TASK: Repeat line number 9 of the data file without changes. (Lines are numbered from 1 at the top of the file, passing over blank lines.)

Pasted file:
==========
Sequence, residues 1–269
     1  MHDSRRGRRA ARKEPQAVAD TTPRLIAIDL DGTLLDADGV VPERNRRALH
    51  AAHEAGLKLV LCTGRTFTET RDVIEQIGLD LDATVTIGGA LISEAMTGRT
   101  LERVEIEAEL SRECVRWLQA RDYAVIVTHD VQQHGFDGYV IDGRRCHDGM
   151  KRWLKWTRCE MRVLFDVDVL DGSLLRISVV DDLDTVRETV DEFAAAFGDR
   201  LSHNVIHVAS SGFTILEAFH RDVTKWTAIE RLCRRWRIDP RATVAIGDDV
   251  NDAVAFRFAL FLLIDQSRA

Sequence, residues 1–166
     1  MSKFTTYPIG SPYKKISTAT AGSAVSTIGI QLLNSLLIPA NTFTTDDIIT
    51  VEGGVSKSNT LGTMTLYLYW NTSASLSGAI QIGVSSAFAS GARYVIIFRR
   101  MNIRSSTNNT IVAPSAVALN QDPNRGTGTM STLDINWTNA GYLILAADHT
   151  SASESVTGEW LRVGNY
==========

     1  MSKFTTYPIG SPYKKISTAT AGSAVSTIGI QLLNSLLIPA NTFTTDDIIT